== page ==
Alina de la Cruz is 4th from left, and I'm 6th from left, with artist Lita Albuquerque in the 7th position.
Alina and I kept in touch over the years, and having shared with her my impressions of the Felix Gonzalez-Torres show in New York, I told her I would be in Miami a few weeks later and wanted to visit her parent’s museum, the de la Cruz Collection. Alina announced my arrival, and I was greeted by Carlos de la Cruz, Alina's lovely father.
Carlos de la Cruz and myself in the atrium of the de la Cruz Collection.
What a collection! Oh, my lord!
Rosa & Carlos de la Cruz generously built an entire museum in the Miami Design District to share their collection with the public. Among the treasures there, are a Candy Work and a Paper Stack by Felix Gonzalez-Torres. The works were installed right next to a vitrine where are displayed letters, sketches, images, all exchanged by Rosa de la Cruz and the artist. The intimacy one feels upon engaging with the artist’s work when taking one or more candies from the Candy Work was almost unbearable to me, considering the obvious closeness between Rosa and the artist; I didn’t dare take a sheet from the Paper Stack - perhaps in fear of intruding in a sacred relationship.
When I came down the stairs to bid farewell to Rosa & Carlos, I timidly asked if I could take a sheet from each of the two stacks.
Print on paper, endless copies
26 inches at ideal height x 29 x 56 inches overall (original paper size: 29 x 23 inches)
The text on each sheet reads "Somewhere better than this place" and "Nowhere better than this place," depending on the stacks they are in. Because visitors are invited to take printed sheets of paper from the stacks, the conceptual feature of these works is that they are designed for disappearance, but equally, the official caption of the work designates the copies as endless...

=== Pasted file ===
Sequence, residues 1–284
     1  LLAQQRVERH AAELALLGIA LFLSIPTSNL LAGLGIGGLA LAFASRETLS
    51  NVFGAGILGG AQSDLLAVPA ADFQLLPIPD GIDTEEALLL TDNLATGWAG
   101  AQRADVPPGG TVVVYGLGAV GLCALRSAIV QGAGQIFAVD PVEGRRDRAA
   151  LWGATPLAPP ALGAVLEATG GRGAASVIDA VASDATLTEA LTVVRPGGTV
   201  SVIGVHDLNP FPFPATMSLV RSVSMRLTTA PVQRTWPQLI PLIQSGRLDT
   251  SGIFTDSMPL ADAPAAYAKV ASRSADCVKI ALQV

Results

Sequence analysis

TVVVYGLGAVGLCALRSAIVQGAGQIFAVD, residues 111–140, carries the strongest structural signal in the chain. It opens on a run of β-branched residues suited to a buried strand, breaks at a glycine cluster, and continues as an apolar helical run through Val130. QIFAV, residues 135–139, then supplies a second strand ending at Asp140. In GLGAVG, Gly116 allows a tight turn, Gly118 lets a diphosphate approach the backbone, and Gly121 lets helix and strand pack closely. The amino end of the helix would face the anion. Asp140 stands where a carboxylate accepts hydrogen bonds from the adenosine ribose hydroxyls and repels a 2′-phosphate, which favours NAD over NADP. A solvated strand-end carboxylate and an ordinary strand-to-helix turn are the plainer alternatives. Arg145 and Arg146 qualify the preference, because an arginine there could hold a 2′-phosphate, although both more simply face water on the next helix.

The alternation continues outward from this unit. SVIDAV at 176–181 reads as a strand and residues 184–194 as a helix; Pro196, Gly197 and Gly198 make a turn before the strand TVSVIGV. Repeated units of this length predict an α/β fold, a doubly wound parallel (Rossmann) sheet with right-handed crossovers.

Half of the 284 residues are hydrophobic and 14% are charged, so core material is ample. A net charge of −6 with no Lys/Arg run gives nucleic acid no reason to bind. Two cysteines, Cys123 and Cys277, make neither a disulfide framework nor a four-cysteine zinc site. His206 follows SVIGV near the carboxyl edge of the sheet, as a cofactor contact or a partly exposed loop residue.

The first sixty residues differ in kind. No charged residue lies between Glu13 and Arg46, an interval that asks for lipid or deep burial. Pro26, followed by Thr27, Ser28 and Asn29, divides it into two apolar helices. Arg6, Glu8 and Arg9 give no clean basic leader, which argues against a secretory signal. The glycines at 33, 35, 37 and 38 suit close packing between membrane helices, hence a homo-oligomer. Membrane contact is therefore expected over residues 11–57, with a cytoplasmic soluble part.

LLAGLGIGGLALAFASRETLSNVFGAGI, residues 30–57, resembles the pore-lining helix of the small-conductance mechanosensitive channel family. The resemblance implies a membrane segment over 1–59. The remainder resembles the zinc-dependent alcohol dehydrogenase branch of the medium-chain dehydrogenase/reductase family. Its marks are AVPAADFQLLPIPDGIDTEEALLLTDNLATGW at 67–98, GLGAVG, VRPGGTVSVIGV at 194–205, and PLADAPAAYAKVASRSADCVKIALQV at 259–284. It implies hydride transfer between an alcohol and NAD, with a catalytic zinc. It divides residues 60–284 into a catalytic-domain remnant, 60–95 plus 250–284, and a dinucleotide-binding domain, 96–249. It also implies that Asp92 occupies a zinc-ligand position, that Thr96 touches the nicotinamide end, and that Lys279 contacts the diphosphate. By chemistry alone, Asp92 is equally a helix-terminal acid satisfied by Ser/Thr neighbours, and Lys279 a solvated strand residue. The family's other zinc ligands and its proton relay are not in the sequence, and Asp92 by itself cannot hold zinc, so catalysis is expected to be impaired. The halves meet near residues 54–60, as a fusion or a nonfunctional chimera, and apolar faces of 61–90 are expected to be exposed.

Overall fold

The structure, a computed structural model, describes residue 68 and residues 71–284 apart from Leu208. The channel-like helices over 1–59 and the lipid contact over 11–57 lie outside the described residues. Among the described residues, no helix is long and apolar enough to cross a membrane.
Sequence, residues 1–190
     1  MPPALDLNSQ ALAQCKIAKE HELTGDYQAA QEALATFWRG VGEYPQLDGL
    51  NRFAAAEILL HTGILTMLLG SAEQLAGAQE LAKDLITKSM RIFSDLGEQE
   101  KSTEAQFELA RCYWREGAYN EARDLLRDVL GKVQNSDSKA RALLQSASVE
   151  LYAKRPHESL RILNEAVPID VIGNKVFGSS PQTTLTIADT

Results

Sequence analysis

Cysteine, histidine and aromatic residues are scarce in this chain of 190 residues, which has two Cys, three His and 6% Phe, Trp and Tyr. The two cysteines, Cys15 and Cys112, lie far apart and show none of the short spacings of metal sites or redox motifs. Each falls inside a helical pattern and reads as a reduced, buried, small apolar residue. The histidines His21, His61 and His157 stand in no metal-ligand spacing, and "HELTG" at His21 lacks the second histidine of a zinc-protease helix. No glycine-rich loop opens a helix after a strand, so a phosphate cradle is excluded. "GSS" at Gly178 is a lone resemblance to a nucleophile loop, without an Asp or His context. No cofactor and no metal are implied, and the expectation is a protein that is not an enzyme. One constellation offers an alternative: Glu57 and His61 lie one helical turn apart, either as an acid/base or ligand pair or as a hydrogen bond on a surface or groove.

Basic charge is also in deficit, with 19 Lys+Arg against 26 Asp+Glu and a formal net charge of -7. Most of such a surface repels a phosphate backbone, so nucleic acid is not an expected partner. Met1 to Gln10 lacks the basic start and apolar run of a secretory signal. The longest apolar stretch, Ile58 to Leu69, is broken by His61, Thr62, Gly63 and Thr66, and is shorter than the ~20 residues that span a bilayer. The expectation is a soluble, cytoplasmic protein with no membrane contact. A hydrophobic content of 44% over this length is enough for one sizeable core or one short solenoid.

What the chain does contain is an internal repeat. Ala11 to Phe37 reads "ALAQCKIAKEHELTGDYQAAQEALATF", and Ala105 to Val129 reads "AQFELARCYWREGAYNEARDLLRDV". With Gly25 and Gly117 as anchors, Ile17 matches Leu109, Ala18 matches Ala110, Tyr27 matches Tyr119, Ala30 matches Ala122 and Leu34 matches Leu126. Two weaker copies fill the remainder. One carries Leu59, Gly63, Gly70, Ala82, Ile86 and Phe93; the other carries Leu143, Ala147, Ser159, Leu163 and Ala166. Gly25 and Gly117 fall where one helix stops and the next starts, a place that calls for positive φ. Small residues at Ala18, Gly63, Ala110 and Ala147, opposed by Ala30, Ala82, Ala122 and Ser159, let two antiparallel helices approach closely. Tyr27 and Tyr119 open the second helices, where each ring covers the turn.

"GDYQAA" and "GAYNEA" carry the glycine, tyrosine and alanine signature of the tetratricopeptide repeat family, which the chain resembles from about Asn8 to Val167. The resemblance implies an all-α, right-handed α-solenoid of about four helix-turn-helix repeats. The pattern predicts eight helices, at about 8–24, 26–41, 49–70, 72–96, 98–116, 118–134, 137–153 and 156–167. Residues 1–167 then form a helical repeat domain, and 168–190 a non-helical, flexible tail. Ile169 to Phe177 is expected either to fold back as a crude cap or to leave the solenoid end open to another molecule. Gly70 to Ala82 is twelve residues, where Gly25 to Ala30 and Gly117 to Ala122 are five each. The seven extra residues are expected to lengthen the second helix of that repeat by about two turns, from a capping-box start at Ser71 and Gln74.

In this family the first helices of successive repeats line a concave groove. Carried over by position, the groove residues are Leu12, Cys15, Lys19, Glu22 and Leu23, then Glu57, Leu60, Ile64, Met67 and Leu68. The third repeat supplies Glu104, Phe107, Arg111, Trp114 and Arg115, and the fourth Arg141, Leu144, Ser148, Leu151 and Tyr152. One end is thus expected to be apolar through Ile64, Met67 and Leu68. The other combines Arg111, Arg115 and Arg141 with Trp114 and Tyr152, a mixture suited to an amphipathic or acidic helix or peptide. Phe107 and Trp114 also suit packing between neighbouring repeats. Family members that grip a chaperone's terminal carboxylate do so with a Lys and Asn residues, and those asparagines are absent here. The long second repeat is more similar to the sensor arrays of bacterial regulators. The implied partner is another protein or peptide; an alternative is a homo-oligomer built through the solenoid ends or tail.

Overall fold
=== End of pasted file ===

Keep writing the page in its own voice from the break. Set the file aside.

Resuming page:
Felix Gonzalez-Torres "Untitled" 1989/1990. Paper Stack work in de la Cruz Collection.
To be, or not to be, that is the question:
Whether 'tis nobler in the mind to suffer
The slings and arrows of outrageous fortune,
Or to take arms against a sea of troubles
And by opposing end them. To die—to sleep,
No more; and by a sleep to say we end
The heart-ache and the thousand natural shocks
That flesh is heir to: 'tis a consummation
Devoutly to be wish'd. To die, to sleep;
To sleep, perchance to dream—ay, there's the rub:
For in that sleep of death what dreams may come,
When we have shuffled off this mortal coil,
Must give us pause—there's the respect
That makes calamity of so long life.
I cannot help thinking about the eternal question so eloquently posited by William Shakespeare in Hamlet. Must we live and endure -fight and survive, or is there a better place elsewhere? What is clear though is that this intellectual question soon became existential for Felix Gonzalez-Torres; following in the footsteps of his longtime partner Ross Laycock who in January 1991 lost his life due to AIDS-related causes, the artist died five years later in Miami, at age 38.
Felix Gonzalez-Torres "Untitled" 1989/1990 (details). Photographer: Grant Schofield. www.felixgonzalez-torresfoundation.org/works/untitled49. Accessed 21 May 2023.
My son Aytan was with me when I returned the next day to quietly take-in the exceptional Ana Mendieta room on the top floor of the museum (it was too much for me on the first day). Upon sharing with Melissa Wallen, the director of the collection, the gist of my observations about the Non-Finito, and the nexus I see between Rodin and Gonzalez-Torres, Aytan mentioned the term Kleos.
I heard it then for the very first time...
Reading about Kleos, I soon realized how profoundly insightful it was of my son to invoke Kleos in this context. The internet is full of definitions and explications of Kleos, some accurate and others fantastical. The one that most stuck with me is this: